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NAND flash memories cannot provide execute-in-place due to their different construction principles. These memories are accessed much like block devices such as hard disks or memory cards. The blocks are typically 512 or 2048 bytes in size.

NAND devices have bad block management built into their circuitry. This means that when a logical block is accessed it is internally mapped to a physical block, and the device have a number of blocks set aside for compensating bad blocks and mapping tables.

When executing software from NAND memories, virtual memory strategies are used: memory contents must first be paged or copied into memory-mapped RAM and executed there. A memory management unit (MMU) in the system is helpful, but this can also be accomplished with careful programming.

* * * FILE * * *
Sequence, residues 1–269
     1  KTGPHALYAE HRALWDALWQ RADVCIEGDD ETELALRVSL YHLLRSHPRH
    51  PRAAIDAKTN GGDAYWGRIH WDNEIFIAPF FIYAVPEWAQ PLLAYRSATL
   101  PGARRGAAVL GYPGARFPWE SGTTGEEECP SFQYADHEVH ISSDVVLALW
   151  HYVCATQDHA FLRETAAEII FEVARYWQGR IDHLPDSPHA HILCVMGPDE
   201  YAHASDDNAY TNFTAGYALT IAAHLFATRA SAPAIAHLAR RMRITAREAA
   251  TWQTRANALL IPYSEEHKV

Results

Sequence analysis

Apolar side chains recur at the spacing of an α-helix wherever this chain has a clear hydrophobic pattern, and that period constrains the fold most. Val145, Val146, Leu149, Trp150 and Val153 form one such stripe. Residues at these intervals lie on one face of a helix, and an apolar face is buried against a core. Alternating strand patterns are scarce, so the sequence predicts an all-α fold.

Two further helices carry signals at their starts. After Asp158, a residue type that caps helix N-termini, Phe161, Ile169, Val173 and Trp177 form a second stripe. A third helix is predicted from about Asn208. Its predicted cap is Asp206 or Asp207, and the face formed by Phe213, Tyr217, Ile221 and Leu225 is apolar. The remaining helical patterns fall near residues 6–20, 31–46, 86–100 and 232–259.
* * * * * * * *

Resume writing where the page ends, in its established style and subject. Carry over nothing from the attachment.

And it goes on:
For this reason, some systems will use a combination of NOR and NAND memories, where a smaller NOR memory is used as software ROM and a larger NAND memory is partitioned with a file system for use as a random access storage area.

This article is licensed under the GNU Free Documentation License. It uses material from the article: Flash memory - NAND Memory on the WIKIPEDIA

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